When the Bible tells us that we should love our neighbors, it is not a suggestion. God wants us to do more than just love people in a generic sense, loving the category of “neighbors” but not necessarily the individuals who fall within it. Scripture and the historic teaching of the Church are clear. We are to love each person as ourselves.
That includes our “enemies.” It includes people we dislike or find difficult. It certainly includes our political opponents.
The campaign is replete with hateful messages; we are bombarded with reasons to grow angry or fearful. Instead of taking the bait, we can pray for the candidates and their families, for their personal safety and wellbeing and for their growth in wisdom.
News coverage of the election helps focus our attention on many of the problems facing the country and the wide range of issues elected officials need to address. Most of the issues debated in an election are those that are most complex and deeply rooted. Elected officials often disagree about the best way to address such problems because it usually isn’t clear what policies or proposals would be most effective.
As we follow current events, learn about domestic and international issues, and enter into conversations about them, take time to pray. Of course we should seek opportunities for civil discussion and debate, but we also need to be bringing our concerns and fears directly to God. As we pray about issues that seem so overwhelming, we acknowledge our dependence on Almighty God and our ultimate hope in the coming his kingdom.
One final area of petition involves ourselves and our Christian witness in such divisive times. Instead of devoting our energy to winning arguments or scoring political points, let’s pray that we can be a witness by living worthy of the gospel.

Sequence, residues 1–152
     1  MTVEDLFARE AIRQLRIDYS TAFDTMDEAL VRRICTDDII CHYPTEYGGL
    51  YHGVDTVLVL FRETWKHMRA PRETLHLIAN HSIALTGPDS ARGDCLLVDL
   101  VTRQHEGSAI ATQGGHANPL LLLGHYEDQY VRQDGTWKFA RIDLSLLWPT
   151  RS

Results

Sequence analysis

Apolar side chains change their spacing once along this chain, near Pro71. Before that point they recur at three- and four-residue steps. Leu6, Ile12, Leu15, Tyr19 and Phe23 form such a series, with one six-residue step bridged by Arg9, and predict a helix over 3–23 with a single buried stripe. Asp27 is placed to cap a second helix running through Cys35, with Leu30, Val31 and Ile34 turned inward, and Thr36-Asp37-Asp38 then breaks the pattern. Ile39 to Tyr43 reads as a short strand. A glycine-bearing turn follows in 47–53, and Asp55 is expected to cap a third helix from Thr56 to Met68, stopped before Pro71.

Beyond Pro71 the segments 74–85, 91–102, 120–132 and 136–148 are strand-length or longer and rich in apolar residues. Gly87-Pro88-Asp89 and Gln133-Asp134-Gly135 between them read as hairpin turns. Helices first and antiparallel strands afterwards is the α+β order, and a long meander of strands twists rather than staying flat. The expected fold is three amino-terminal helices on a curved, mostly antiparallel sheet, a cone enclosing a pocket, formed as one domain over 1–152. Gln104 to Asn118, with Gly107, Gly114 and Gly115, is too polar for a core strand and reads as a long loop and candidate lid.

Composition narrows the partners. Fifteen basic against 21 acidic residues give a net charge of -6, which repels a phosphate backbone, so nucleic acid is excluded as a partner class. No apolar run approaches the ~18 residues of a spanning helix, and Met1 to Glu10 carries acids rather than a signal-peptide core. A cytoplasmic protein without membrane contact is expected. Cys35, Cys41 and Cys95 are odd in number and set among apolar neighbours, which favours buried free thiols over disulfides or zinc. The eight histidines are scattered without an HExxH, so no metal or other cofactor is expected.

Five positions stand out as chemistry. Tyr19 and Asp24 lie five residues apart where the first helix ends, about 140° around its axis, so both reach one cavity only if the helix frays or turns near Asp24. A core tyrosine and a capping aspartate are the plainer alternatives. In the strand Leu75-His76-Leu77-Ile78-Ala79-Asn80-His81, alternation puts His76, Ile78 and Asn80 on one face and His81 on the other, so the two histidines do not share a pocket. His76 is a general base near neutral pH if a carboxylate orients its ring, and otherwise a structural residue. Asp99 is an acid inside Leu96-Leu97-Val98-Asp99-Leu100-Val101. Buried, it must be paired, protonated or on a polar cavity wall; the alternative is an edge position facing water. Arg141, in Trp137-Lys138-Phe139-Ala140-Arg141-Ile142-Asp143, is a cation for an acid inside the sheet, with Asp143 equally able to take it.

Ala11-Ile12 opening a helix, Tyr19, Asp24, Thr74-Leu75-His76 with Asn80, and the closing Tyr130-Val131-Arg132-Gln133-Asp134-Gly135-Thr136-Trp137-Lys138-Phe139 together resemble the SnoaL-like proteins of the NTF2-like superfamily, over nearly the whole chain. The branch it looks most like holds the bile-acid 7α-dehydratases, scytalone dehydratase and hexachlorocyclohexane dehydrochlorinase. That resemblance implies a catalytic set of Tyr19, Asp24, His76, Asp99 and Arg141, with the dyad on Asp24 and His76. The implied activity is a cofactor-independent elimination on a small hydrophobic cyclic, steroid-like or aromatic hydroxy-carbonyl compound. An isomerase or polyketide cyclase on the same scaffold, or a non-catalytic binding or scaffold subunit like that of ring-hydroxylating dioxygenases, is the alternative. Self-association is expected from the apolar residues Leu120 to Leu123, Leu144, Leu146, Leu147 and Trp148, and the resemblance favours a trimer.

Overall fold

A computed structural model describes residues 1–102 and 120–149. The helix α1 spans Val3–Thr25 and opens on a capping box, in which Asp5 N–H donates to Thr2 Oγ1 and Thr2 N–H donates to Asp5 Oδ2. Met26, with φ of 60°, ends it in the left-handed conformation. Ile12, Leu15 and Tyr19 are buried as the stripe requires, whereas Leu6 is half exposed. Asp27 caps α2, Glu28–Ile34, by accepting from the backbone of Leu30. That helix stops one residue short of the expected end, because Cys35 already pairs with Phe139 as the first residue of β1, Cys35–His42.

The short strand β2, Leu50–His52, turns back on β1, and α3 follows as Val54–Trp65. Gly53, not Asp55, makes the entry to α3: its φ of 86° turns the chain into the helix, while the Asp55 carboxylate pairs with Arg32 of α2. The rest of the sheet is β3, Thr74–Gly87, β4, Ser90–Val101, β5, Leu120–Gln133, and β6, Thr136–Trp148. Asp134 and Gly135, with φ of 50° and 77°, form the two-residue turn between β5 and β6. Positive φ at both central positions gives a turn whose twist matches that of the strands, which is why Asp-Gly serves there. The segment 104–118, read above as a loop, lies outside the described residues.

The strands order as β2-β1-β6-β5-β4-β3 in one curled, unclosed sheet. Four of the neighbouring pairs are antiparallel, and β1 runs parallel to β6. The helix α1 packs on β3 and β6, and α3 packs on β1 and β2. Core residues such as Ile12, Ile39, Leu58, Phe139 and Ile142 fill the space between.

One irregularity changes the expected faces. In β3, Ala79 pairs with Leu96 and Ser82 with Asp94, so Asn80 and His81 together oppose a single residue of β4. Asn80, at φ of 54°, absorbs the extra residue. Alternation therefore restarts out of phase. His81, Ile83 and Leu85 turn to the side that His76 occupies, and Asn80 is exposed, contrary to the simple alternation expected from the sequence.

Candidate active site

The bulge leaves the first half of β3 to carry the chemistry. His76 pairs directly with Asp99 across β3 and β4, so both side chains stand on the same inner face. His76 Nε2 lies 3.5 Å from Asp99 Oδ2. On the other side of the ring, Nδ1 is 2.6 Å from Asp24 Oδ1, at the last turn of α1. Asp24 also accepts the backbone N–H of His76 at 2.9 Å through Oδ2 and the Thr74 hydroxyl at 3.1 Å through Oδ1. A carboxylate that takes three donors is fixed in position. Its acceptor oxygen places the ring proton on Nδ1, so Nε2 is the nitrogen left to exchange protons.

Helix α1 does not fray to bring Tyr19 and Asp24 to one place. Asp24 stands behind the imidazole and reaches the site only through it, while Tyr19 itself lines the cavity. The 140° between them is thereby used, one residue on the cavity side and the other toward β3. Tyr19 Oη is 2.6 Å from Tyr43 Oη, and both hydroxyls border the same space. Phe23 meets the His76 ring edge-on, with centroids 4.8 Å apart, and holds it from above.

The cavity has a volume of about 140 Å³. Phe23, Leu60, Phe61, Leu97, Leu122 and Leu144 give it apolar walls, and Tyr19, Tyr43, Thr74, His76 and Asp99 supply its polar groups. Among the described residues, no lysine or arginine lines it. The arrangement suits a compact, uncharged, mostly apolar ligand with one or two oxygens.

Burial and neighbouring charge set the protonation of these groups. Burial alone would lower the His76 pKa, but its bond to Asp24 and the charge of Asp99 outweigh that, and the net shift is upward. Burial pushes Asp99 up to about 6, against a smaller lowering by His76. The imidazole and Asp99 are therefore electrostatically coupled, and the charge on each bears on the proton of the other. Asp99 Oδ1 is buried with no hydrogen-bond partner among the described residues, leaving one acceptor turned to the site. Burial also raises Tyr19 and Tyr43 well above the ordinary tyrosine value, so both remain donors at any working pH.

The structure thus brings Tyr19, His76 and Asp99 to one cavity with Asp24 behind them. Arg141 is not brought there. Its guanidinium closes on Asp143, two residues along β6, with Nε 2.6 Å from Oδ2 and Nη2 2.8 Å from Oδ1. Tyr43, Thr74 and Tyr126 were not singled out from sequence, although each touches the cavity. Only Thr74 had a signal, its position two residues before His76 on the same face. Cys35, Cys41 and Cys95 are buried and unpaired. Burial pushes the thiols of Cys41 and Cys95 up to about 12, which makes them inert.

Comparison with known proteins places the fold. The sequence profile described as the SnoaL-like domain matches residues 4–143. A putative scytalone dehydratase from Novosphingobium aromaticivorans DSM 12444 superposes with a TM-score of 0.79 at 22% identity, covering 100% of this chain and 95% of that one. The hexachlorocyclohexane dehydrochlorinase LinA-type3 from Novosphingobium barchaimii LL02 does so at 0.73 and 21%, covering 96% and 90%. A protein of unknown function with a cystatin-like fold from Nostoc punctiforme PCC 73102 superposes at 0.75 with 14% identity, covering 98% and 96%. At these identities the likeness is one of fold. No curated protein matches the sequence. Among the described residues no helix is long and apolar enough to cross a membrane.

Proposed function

Thinking about the election should prompt us to pray that we may be more deeply formed in godly virtues such as these listed in the letter to the Colossians:
Therefore, as God’s chosen people, holy and dearly loved, clothe yourselves with compassion, kindness, humility, gentleness and patience. Bear with each other and forgive one another if any of you has a grievance against someone. Forgive as the Lord forgave you. And over all these virtues put on love, which binds them all together in perfect unity. Let the peace of Christ rule in your hearts, since as members of one body you were called to peace. And be thankful. (Colossians 3:12-15)
If we are clothed with these virtues when we engage political issues and candidates, our humility will help others see the love of Christ. Elections matter, but our foremost concern should not be political victories. Our fundamental calling is to love God and neighbor; it’s not about winning or losing in earthly politics.
This election season has already seen record levels of anger, vitriol, and scorn. Join me in these final weeks and days of this election season with a renewed commitment to prayer.
Amy E. Black is Professor of Political Science at Wheaton College. Dr. Black has wide research and teaching interests in the fields of American Politics and Political Behavior. Her publications include Honoring God in Red or Blue: Approaching Politics with Humility, Grace, and Reason (Moody Publishers), and Five Views on the Church and Politics (Zondervan).
Bethany Hanke Hoang and Kristen Deede Johnson, The Justice Calling: Where Passion Meets Perseverance (Ada, MI: Brazos Press, 2016).
The views, opinions, authors, and contributors represented in The Table do not necessarily represent the beliefs of Biola University or the Biola University Center for Christian Thought.